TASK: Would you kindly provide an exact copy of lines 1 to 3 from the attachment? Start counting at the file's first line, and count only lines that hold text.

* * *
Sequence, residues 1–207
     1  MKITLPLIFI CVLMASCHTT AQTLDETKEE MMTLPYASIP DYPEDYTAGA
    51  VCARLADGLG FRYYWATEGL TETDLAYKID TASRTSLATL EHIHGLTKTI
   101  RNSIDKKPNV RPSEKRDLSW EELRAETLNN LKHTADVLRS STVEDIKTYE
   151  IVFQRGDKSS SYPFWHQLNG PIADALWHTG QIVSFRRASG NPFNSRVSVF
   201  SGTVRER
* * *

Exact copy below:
Sequence, residues 1–207
     1  MKITLPLIFI CVLMASCHTT AQTLDETKEE MMTLPYASIP DYPEDYTAGA
    51  VCARLADGLG FRYYWATEGL TETDLAYKID TASRTSLATL EHIHGLTKTI